Rental real estate has been one of the simplest, time-tested methods for becoming wealthy. Our tax code, in particular, has been written to encourage the development of rental real estate because it was written before home ownership was the norm. Here are five easy way any real estate investor can save on taxes.
Depreciation allows you to write off the purchase price of the property and depreciate the value of the property just as you deduct other expenses. In some cases, depreciation of the property is enough to offset the cash flow and tax deductible maintenance costs, allowing you to avoid paying any tax on the property except property taxes.
Take Advantage of Deductions Related to the Business
You can write off business expenses related to the property. Property taxes are obviously deductible. You can also write off the mileage cost to and from the investment property when you go to visit tenants or drive around to inspect potential investment properties. The cost of hiring an attorney to evict bad tenants, the price of the new AC installed in the unit, and the expense of the carpet cleaners brought in to clean it are all tax deductible. As is the money you pay your CPA to track your rental property income and expenses to maximize your deductions. If you file your own tax return, the cost of the accounting software is a legitimate business expense.
If you set up a limited liability corporation to hold the properties and protect your personal assets in case of a lawsuit, the attorney’s fees for setting up and maintaining the LLC are tax-deductible expenses. If you are buying some properties to hold and rent, and others to flip, then set up different legal entities for short term invested properties than long term investment properties.
If you are fixing up properties to either rent or sell, remember that everything you buy to fix up the property is a tax deductible expense. The challenge many “flippers” face is not tracking these expenses, so they aren’t able to deduct all of them. However, if you hire a bookkeeper to track these expenses, then you can deduct those costs from your income eligible for taxation.
Minimize Your Taxes
Don’t pay taxes on the real estate investment income you don’t have to. Remember that your rental income is not subject to self-employment tax. Challenge the property valuations by the local taxing authority; there’s a good chance you can get a reduced valuation if you can find comparable properties that sold for less in the area. If you don’t know how to challenge the property tax valuation, there are law firms that take these cases and charge a fraction of the money they save you in property taxes.
You can reduce your taxes on the real estate by holding it longer. Any property held for less than a year is a short-term investment.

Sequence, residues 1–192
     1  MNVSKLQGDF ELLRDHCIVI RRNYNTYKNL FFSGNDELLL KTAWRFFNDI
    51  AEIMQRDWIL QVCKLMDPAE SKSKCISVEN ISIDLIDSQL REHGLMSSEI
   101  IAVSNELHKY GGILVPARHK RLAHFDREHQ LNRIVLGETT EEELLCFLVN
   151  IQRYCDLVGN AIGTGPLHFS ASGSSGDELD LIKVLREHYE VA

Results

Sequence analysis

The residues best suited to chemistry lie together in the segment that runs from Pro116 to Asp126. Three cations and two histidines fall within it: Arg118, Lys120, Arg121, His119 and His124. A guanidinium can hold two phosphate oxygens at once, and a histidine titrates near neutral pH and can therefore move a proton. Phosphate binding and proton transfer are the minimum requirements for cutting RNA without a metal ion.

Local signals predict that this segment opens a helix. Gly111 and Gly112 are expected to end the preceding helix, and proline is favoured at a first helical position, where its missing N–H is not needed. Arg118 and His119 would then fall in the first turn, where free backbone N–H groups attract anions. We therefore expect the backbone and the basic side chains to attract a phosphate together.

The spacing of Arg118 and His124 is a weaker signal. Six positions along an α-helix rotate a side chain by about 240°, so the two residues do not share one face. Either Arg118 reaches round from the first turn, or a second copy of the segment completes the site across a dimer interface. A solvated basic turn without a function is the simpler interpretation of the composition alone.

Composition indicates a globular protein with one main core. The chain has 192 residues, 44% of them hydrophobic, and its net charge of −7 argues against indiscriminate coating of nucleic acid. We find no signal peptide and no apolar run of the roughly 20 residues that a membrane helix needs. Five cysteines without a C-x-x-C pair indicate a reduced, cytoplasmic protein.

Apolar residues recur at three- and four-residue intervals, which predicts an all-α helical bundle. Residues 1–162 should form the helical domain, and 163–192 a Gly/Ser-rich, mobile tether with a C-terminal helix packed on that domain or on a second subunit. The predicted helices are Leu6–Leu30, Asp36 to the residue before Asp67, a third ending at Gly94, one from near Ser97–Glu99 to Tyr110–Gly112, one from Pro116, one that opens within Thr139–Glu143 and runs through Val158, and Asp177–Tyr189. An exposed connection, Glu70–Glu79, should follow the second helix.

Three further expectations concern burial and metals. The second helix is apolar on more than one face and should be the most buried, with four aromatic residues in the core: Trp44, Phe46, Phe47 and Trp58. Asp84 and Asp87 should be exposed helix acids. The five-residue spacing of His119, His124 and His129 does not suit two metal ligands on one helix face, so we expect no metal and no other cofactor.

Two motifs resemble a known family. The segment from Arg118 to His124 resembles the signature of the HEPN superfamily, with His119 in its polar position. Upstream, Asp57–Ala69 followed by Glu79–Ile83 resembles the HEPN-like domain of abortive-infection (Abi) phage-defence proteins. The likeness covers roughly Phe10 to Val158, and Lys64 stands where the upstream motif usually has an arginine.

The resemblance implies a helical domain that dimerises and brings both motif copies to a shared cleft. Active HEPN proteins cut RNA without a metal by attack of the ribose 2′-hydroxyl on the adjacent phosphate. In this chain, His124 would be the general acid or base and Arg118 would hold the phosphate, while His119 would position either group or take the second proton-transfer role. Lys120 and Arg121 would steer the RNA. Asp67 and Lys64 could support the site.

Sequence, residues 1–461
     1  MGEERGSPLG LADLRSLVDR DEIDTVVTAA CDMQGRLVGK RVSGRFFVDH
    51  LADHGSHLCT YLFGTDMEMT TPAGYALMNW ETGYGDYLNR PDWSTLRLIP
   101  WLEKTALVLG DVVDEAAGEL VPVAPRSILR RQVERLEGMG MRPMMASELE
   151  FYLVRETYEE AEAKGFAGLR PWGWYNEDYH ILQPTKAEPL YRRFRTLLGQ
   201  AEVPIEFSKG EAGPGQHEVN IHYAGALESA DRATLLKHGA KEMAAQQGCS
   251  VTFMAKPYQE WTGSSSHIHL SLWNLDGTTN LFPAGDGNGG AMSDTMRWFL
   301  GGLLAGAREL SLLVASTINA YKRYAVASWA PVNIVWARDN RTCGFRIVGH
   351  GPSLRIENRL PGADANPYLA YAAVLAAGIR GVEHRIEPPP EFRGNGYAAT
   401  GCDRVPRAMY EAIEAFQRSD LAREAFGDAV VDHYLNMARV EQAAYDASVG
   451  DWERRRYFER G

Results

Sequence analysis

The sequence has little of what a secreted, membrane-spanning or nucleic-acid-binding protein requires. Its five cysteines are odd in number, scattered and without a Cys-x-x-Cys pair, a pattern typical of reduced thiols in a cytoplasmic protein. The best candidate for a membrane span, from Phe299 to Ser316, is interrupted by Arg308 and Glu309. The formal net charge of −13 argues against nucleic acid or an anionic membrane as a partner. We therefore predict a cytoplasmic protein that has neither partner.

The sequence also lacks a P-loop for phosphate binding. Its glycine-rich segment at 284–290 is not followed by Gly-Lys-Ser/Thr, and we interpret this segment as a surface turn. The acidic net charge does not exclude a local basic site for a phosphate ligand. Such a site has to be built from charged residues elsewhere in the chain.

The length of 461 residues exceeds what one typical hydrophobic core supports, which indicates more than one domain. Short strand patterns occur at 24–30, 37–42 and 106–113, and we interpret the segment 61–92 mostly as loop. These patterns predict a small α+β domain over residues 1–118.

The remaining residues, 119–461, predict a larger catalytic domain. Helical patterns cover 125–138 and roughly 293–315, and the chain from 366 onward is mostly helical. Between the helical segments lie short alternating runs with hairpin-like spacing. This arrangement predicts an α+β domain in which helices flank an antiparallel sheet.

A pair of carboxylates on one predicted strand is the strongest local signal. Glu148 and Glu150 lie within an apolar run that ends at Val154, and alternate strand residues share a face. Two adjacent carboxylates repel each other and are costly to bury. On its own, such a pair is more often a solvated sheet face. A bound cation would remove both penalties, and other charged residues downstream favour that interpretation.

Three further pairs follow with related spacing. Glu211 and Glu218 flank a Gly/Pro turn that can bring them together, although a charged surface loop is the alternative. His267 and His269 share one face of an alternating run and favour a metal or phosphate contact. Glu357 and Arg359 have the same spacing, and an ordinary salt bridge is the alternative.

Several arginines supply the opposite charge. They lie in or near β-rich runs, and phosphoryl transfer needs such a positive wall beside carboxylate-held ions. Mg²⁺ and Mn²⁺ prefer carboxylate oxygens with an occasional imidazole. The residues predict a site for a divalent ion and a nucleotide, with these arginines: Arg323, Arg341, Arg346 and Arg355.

Holding it for more than a year allows you to avoid paying short-term capital gains taxes. Consider buying the property, fixing it up, installing renters and waiting a year to sell it to an investor eager to have a turn-key property instead of the romance of fixing and flipping a house in short order. Another option is fixing up the property and selling it to the tenant on a 13 month or longer rent to own agreement. The next profit could be taxed at the lower long-term capital gain rate, and you avoid real estate commissions.
Your Education Is a Tax Deductible Expense
Your membership fees for real estate investor associations, the cost of educational seminars on legal matters relevant to real estate, and even real estate management courses are all tax-deductible business expenses. Some real estate investors take courses to become licensed real estate agents to save on these expenses long term and are able to deduct those educational costs as a business expense.
Move Up in Real Estate and Save on the Taxes
A 1031 property exchange allows you to roll the money from the sale of one property into a property of equal or greater value without having to pay any taxes on the profits from the sale of the less expensive property. The 1031 property exchange can be used whether you’ve invested in vacant land or a built home. The only limit is that the properties must be like-kind; you can sell a single family home to buy an apartment complex since they are both residential properties, but you can’t sell a strip center to buy an apartment complex and shield the gains.
Many real estate investors use the 1031 property exchange method to sell a single-family home rental to buy a duplex, then sell the duplex to buy a fourplex or apartment complex. Section 1031 of the IRS code lets you avoid paying either income tax or capital gains tax as long as the gains of the first property are rolled into the new one, and the property is not held just for resale. This rewards investors upgrading their rental properties, not house flippers.
If you continue doing this until the end of your life, capital gains taxes on the properties are eliminated, and heirs receive a stepped-up basis (valuation of the property) at your death. Your heirs may owe estate taxes on the inherited property, but they won’t pay capital gains taxes on the difference between the value of the property when it is sold and what you paid for it.
You may be able to eliminate the capital gains tax by eventually moving into an investment property and declaring it your residence. This approach allows you to exempt a large portion of the property’s value upon final sale, though you must live in it for at least two years and have held it at least five years.
Consult with a legal professional before you attempt to roll over investment property gains into a large estate home or mansion.